Routers are complicated pieces of technology for the everyday individual. With an office full of employees that have a varied range of expertise with electronics and devices, you need a router that is easy to use, as well as easy to access.
As you look for the best place to install a router in the office, here are some suggestions to help you along the way.
What You Need To Know About Optimal Wireless Router Placement
Keep as many objects away from the router as possible. You want to prevent anything from causing your router to send weak signals to your computer, phone, and other devices. Walls are the biggest culprits of creating barriers between a router and a computer, but furniture and cabinetry can also be common obstructions.
It is also important to not put your router near any reflective surfaces as well. Like light, Wi-Fi signals will tend to bounce off of metal objects, mirrors, and windows, which limits the strength as well as the range of the Wi-Fi signal.
You should also consider avoiding other electrical devices and equipment that could cause an interference. Not necessarily other computers and modems, but devices that use radio frequencies, such as cordless phones and microwaves. Devices with motors, electric fans, and fluorescent lights are also things in the office you want to avoid putting a router near.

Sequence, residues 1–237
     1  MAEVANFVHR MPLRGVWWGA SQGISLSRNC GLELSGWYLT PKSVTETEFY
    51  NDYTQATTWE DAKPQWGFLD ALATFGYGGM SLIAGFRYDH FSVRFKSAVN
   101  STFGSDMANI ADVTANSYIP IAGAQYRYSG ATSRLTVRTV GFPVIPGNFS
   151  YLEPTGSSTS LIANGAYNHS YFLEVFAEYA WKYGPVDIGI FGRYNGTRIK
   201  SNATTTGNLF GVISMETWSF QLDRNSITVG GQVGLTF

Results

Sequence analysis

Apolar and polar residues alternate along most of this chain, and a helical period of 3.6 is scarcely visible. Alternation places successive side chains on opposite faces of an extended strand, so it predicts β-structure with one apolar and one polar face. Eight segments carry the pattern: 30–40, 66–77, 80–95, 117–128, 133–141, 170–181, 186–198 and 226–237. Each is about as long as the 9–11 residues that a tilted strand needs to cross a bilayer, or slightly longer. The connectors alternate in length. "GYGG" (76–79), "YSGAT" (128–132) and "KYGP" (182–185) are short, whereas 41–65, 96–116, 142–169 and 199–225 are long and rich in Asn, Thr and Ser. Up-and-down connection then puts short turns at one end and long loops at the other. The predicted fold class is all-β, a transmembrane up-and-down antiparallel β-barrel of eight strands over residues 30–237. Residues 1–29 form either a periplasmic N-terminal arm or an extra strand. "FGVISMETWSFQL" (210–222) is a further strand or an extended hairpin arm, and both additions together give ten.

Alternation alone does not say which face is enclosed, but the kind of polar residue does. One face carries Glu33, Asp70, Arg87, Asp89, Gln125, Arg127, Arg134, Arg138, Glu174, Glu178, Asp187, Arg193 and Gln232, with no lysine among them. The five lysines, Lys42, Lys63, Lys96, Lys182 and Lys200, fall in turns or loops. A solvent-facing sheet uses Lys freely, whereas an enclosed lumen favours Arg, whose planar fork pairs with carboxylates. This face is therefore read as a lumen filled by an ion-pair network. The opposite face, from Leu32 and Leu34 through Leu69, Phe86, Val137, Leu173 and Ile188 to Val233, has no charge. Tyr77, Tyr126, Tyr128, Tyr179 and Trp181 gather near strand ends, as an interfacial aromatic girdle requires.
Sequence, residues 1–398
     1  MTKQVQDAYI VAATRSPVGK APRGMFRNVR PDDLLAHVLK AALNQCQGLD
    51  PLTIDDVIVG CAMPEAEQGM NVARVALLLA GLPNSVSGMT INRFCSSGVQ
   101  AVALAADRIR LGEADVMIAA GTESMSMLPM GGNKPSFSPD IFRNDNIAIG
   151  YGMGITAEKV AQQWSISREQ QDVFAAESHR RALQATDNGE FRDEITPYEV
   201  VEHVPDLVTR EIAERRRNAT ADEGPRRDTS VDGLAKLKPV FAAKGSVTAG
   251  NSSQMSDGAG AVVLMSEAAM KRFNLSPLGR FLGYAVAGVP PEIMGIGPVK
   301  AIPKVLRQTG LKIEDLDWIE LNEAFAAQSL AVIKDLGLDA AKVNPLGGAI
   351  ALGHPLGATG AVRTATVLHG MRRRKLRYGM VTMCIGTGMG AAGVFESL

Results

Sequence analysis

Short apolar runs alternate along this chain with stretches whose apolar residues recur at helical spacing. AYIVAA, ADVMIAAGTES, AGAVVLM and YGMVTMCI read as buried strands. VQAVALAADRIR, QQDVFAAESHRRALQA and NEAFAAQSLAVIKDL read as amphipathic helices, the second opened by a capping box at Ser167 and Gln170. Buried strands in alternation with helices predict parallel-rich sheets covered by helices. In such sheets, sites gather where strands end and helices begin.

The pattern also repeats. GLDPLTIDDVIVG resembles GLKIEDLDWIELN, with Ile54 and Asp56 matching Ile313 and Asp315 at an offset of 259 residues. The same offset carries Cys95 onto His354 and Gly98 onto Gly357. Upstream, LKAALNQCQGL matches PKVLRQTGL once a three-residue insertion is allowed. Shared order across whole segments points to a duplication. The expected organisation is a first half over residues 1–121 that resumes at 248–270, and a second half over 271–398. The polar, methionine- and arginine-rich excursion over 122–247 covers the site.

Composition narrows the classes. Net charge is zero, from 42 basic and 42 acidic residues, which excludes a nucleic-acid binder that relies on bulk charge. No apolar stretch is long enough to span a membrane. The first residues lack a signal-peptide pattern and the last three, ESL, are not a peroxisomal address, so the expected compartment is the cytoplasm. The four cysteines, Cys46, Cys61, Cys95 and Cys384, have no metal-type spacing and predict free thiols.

If you are only intending to use the router for just one computer, install it as close to the computer as you can. This will ensure that you get the best connection possible with next to no interruptions occurring.
If you are going to use your router for a group of computers you will want to find a location in the middle of them all. This might be tricky if your workstations are already set up, but you can always make room. Place a router in a place that is openly exposed, without anything possibly getting in the way of its signals. Consider such places like a shelf with no sidings or atop a tall file cabinet. Do not place it in a corner of the room, so that you do not risk having a limited connection for the computers that are the furthest away.